LBJ band marches to victory in competitions across the city and state

Maya Ravi, Club Writer

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Sequenced uniforms shine under the bright lights of the football field, as the LBJ Marching Band makes its way across the field. The play and move in unison, showing off the hard work they put in preparing for their performance.

The LBJ Marching Band has outperformed their expectations this season, according to LBJ Band Head Director Brian Mayer. The Band ended up winning fourth place at UIL this year. The also won awards for best music, best general effect and closed the season with an award-winning performance at the U.S. Bands competition in Round Rock, Texas. The very first performance was the one that set the stage for the success of the season, according to drum major Emma Pinsky.

“I know I will definitely remember the first contest we went to this year when we swept first place and won 4 out of 5 caption awards,” Pinsky said. “It was at that competition that I understood how special this season was going to be.”

That first performance set a high standard for the rest of the season, but according to Mayer, the band’s performances continued to exceed expectations throughout the season.

“The band committed to the idea that every performance needed to be better than the one before,” Mayer said. “Their greatest success was never settling, but always pushing to be even better. This drive to be great was recognized by the judges at each contest that we attended.”

According to Mayer, that drive that pushed the band throughout the season built up all the way through to their last performance.

“The moment that I will remember forever, is seeing everyone in the band thrilled and celebrating our final performance as soon as we exited the field,” Mayer said. “Everyone knew that we had our best performance of the year. That we had done it. That was the best performance of the year.”

According to Pinsky, there are many ways that a performance can be considered amazing. Specifically, the aspect of the band’s performance at the Texas Marching Classic that made it so phenomenal wasn’t only the preciseness of the show, but also the fact that it was a shared experience among the band. It was that notion of knowing that every band member had shared the performance that made it all the more impactful.

“We all had dedicated so much time to this beautiful product of a marching show,” Pinsky said. “That’s why being able to go out onto the field and show everybody what the LBJ Band is about by giving it our all and leaving everything on the field was the best feeling I have ever had in marching band.”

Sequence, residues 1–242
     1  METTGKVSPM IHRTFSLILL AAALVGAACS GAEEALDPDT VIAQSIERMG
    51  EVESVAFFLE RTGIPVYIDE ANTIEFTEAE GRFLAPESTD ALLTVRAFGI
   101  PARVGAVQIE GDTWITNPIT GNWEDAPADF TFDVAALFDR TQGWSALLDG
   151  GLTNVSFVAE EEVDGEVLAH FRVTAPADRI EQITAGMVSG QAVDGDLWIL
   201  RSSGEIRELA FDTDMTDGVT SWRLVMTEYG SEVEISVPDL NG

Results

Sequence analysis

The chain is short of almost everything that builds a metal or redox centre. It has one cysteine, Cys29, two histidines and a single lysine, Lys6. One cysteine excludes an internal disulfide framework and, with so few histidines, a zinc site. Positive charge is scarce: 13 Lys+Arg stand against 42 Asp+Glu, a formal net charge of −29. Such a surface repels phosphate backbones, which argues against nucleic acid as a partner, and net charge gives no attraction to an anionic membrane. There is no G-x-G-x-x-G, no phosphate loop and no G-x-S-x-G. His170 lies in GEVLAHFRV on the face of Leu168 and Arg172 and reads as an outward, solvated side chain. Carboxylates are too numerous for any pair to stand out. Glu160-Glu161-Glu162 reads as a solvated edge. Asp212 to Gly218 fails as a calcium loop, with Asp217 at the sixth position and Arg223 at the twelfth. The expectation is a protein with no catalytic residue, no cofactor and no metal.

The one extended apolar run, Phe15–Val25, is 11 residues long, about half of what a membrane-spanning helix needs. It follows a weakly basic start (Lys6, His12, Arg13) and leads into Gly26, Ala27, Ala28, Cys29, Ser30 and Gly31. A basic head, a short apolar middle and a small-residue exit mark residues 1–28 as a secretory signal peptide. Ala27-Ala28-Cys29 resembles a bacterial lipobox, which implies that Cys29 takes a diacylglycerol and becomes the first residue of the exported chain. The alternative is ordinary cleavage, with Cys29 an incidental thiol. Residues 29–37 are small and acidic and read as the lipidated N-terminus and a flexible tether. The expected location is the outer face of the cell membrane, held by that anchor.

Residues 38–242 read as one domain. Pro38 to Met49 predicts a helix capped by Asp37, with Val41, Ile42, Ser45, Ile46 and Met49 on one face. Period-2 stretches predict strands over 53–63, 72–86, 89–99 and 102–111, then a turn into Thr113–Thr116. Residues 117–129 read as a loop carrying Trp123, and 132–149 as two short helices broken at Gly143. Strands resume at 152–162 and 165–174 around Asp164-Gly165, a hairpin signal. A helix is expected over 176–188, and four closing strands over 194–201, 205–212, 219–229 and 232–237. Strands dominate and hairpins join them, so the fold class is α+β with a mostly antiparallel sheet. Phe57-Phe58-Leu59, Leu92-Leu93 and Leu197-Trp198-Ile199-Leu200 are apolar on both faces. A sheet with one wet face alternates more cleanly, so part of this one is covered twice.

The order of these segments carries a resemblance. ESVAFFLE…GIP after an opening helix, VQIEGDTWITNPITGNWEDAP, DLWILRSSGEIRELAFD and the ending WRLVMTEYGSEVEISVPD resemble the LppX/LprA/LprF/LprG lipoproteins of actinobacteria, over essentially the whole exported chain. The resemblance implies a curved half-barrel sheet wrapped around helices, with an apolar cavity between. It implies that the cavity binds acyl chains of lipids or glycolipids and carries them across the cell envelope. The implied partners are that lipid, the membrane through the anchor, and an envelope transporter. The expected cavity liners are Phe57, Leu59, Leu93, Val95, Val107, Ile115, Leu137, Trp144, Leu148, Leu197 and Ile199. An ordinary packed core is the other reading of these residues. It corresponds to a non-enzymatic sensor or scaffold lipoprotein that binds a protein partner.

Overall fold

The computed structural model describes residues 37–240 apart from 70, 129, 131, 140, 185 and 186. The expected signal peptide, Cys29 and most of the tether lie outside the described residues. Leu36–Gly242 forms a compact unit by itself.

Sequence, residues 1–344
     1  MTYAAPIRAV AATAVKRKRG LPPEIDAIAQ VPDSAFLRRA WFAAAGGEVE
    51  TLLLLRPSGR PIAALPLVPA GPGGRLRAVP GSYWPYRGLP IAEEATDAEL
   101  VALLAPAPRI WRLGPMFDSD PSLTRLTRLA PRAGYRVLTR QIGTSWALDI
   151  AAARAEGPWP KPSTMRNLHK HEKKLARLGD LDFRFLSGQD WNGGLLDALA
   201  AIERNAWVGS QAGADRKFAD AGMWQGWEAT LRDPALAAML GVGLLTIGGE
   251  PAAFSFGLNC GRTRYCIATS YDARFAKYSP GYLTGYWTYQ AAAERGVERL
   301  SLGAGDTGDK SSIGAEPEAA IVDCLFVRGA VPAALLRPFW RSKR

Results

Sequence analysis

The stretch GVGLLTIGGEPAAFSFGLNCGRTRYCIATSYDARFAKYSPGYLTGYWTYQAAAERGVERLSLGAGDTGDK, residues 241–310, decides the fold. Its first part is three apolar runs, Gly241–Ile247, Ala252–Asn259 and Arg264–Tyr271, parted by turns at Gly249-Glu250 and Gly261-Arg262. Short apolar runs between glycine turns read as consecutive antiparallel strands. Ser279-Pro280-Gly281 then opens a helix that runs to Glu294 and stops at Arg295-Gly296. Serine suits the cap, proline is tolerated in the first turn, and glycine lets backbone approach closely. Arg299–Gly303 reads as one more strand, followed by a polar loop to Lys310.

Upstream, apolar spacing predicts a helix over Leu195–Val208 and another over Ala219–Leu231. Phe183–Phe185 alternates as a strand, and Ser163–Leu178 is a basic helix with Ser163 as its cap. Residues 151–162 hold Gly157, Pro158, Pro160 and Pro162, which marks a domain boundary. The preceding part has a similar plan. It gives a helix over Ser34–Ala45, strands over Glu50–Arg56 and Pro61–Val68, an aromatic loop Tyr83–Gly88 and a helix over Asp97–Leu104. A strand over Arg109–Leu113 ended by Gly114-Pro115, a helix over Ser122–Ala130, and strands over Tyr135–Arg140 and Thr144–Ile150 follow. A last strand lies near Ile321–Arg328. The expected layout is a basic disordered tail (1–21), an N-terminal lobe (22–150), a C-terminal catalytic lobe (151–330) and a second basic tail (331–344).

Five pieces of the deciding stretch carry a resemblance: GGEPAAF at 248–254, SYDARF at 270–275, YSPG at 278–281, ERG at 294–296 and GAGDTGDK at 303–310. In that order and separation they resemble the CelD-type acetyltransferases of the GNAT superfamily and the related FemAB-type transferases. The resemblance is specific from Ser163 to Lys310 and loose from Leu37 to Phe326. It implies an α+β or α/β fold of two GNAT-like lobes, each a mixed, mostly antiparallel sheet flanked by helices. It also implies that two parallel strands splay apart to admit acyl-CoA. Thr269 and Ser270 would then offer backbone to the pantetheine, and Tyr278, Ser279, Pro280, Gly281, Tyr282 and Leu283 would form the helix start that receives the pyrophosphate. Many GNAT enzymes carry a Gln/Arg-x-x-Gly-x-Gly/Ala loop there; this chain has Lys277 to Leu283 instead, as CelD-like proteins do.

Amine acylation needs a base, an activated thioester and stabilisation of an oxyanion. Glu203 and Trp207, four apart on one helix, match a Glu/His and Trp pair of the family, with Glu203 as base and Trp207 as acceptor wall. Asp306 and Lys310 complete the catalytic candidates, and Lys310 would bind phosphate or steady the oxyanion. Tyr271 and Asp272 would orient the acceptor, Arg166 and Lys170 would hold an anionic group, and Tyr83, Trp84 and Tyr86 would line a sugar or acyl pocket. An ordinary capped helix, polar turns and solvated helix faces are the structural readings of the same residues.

Moments like walking off the field at the Texas Marching Classic were what made the season so special for the band. According to Pinsky, the feeling of success and pride isn’t just luck but is due to the incredible energy that has perpetuated through this season.

“I am very happy that this is the show I get to end my high school marching career on and that the band had such an energy through the season that I will keep with me forever,” Pinsky said. “The energy throughout the band program this year has really been what shaped the season and the people involved with it. The energy to keep working to be better and to do something to your fullest potential with your friends is something that I will use a lot as I move on from high school.”

However, according to drum major Josh Kreth, the season’s most memorable moment didn’t have to be a performance, and could even be something like the band’s warm up before a competition.

“One memory I’m thinking of is during warm-ups at our US Bands, when we did our visual warm-up routine,” Kreth said. “The other band near us just stared as we all moved in unison to Harder Better Faster Stronger. I looked out at my fellow band members and saw so many smiles. We made such a good show and won so many awards this season, but that didn’t hold us back from having more fun than any other band I know.”

Each year, the environment of the leadership changes as the senior drum majors graduate and the role is passed down to the next set of student leaders. One of the factors that made this season so impactful for Pinsky was that it was her turn to take the role of drum major for the band.

“The other part of this year is that I have become the advice giver instead of recipient,” Pinsky said. “Being able to pass on my knowledge and tips to help see somebody I care for succeed is one of the things I like to do best in the band program because I know I am continuing that family legacy.”

According to Mayer, the band’s collective accountability and dedication were what made this season take the spotlight compared to shows they’ve marched in the past.

“Every year carries with it slight changes, but I think that their was a mutual trust, and a culture of we are going to work hard for each other,” Mayer said. “That we were going to put in every ounce of ourselves because we care about each other, and about the program being great. I was thrilled with what the band program accomplished this year, and the culture of hard work and dedication that they created.”

In addition to accountability, it was each band member’s continuous attitude of striving to do better with each rehearsal that made the season stand out, according to Kreth.

“This marching season was by far the best of any of the seasons I’ve been a part of with the LBJ Band. It just seemed like everyone was committed to working hard every day during practice,” Kreth said. “And because of that, we created a show much better than any of the others I’ve been a part of. We made so much more progress so much earlier in the season as compared to previous years, and we never stopped pushing. We really got better every day, and especially near the end, it showed that it was almost a new band program this year.”